So yesterday I went out to do my afternoon chores, and since everything else has been frozen I've been getting my water from the settling pond where the ducks hang out. The pond has been frozen over for a few weeks which prevents the ducks from swimming. Instead they have to drink from the trickle of water that constantly streams by their front door. When I arrived at the pond I counted the ducks like I always do ... 5. OK where's the other duck?
Then I noticed a little black body under the ice. Somehow she got in under the ice and got stuck. I smashed the ice over top of her and pulled her out. She was limp but warm. I placed her down on the snow next to me and rubbed her belly for a second. Then I heard her exhale. She had been holding her breath for who the hell knows how long.
I just went into action I guess. I opened up her bill and listened to her breathing. She was weakly breathing but limp otherwise. I gave her a good vigorous wake up rub. Just like waking up somebody who's passed out. I figured I'd be eating duck this week because she looked just awful. I just kept at it for a few minutes I guess and slowly but surely she began to breath a little deeper. The dead look faded from her eyes and she put her wings out flat like she wanted to get up but she was in no shape to move. I grabbed her by the feet and held her upside down to drain any water that might be in her system. Nothing came out but it seemed to stimulate her a bit. It probably helped get some good fresh blood into her head. From that point forward I thought we had a chance to make a recovery so I took her up to the house and wrapped her in a towel. I continued massaging her while drying her off. ( like ducks get wet right?) After about five minutes she seemed like she might stand up so I put her down on the porch. She stood for a second and then just kinda sat back down exhausted. This particular duck is not a "people person" so I'm sure she'd like to get away from me ASAP. I used that as a metric of vigor. After another five minutes or so she was visibly upset by being separate from the flock so I took her back to the pond and set her down. She took some wobbly steps to the coop door then sat down in the sun. The other ducks were happy to have her back too. I checked on her every 20 minutes or so for the rest of the day and each time she looked a little more "with it". I shut them up last night confident that she'd be with us in the morning.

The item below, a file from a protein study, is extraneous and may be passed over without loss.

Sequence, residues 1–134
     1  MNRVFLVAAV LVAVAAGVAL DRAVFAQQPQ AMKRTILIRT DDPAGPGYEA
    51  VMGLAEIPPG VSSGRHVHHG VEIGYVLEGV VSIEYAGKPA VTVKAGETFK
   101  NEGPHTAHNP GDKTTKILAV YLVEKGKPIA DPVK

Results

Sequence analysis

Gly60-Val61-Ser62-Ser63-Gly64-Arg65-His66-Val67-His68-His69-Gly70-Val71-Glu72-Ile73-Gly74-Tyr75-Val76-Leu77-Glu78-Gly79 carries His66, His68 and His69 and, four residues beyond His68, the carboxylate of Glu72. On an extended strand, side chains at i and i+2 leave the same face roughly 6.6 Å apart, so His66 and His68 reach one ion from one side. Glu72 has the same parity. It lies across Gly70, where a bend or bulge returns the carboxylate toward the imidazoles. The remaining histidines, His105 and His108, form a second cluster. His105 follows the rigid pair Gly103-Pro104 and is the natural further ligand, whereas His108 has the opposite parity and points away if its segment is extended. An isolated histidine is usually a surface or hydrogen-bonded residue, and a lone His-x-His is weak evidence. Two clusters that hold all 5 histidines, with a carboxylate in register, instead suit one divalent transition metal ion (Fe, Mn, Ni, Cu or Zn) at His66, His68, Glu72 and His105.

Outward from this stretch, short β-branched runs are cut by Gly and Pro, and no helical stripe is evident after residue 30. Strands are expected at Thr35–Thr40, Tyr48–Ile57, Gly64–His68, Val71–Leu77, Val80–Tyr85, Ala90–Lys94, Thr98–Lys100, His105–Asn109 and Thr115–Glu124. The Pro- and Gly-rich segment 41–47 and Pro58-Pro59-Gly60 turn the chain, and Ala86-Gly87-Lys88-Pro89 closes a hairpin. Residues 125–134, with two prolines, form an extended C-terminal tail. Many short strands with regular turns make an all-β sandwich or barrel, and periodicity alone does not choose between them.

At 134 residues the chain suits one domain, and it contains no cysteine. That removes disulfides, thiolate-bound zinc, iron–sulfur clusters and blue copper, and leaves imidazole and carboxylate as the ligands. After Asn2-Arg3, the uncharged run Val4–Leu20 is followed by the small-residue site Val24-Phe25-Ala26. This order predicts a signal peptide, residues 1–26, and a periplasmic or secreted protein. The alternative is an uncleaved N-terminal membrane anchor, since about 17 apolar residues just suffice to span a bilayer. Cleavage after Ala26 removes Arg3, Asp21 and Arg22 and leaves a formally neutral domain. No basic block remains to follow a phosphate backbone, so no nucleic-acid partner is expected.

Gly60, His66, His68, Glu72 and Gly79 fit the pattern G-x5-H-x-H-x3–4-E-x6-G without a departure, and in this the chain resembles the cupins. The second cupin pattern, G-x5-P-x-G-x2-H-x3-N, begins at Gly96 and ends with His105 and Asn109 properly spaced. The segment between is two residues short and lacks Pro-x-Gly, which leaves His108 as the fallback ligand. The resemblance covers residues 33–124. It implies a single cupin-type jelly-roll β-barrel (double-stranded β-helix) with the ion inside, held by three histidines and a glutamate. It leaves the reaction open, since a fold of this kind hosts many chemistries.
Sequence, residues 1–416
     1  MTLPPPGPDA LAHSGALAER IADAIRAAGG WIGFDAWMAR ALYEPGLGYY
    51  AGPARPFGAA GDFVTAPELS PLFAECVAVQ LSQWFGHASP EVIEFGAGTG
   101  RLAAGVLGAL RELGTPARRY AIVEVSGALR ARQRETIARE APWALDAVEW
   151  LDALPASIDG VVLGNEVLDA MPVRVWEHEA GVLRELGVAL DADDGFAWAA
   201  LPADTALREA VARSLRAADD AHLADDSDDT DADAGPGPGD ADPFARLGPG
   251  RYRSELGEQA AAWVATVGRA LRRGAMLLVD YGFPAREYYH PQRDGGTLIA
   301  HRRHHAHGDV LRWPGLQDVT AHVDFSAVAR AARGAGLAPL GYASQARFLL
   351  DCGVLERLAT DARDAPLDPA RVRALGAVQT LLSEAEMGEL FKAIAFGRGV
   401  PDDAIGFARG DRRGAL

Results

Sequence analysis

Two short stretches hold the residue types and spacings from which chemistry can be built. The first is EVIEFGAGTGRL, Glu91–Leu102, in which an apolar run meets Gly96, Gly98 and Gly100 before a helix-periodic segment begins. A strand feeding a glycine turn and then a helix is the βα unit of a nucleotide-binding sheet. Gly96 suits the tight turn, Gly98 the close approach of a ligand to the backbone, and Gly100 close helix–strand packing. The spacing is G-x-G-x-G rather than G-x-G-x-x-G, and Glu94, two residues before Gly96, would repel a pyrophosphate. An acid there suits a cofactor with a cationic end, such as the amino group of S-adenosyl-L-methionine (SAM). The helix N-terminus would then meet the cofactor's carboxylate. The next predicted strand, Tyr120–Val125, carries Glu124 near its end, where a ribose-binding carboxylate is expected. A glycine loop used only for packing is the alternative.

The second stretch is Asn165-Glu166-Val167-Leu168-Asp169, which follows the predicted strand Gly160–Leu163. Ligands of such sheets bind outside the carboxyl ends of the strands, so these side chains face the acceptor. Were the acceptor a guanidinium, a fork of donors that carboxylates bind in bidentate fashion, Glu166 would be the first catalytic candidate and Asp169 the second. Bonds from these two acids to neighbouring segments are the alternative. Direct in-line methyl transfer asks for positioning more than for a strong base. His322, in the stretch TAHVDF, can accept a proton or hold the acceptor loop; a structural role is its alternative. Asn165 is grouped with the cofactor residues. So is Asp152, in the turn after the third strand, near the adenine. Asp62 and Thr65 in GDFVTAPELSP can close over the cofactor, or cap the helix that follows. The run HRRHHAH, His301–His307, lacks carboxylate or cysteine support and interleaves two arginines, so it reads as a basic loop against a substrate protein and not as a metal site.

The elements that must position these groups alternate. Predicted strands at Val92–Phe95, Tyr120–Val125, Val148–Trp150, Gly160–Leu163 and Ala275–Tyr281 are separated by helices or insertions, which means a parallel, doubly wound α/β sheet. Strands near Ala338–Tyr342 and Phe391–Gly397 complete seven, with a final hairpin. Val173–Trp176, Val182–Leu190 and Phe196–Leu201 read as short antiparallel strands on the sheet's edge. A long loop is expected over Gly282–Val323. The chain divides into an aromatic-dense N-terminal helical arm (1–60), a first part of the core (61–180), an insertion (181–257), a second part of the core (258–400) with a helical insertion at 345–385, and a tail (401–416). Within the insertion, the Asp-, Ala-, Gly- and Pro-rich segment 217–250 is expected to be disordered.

I just finished morning chores and she's happily sitting in a little puddle as if nothing happened.
That's one seriously lucky duck. I don't know how long she was under the ice but between her breath holding ability and my ability to count to 6, we both had a much better day.
I knew that first aid training could save lives but this is not what I had imagined.
It was quite a situation. Ducks like to "drill" in the muddy edges of the pond so I imagine that she (with help from the others) made a big enough gap between the edge of the pond and the ice, which was enough to slip through. Since that day I've been very careful to limit their pond access to days when things like that aren't likely to happen again. It's that time of year here where the pond is slightly frozen in the morning and thawed out by 10 am or so. I've been keeping the ducks cooped up until there is enough escape routes from the ice. I've been known to go out there with a sledge hammer to assist the break up on certain days. The ducks always look sad without a pond.
i used to keep geese. we had 5 chinese goslings. i found a old tub for them to swim in. it was so slippery they couldn't get out so i put a piece of old carpet to help them climb out. they would dive then pop back to the surface. a few days later , as i was passing by their pen, the goslings were crying out as if attacked. upon looking in the pen, i only saw 4 frantic birds. looking in the tub. i saw a gossling under the water tangled in string that frayed off the carpet. i quickly pulled him out. he was listless and i thought he was dead. there was no breathing so i hung him upside down and shook him several times. some water came out his nostrils and he started to breathe. took him about a hr. to start to move again but he was fine after that. his siblings were relieved! these geese were pets so it would have been a sad day for my kids. i could see how waterfowl could get stuck under ice esp. when they dive. that was one lucky bird!
Acetylsalicylic acid is aspirin. This could be handy too:
Switching from electric heat to a rocket mass heater reduces your carbon footprint as much as parking 7 cars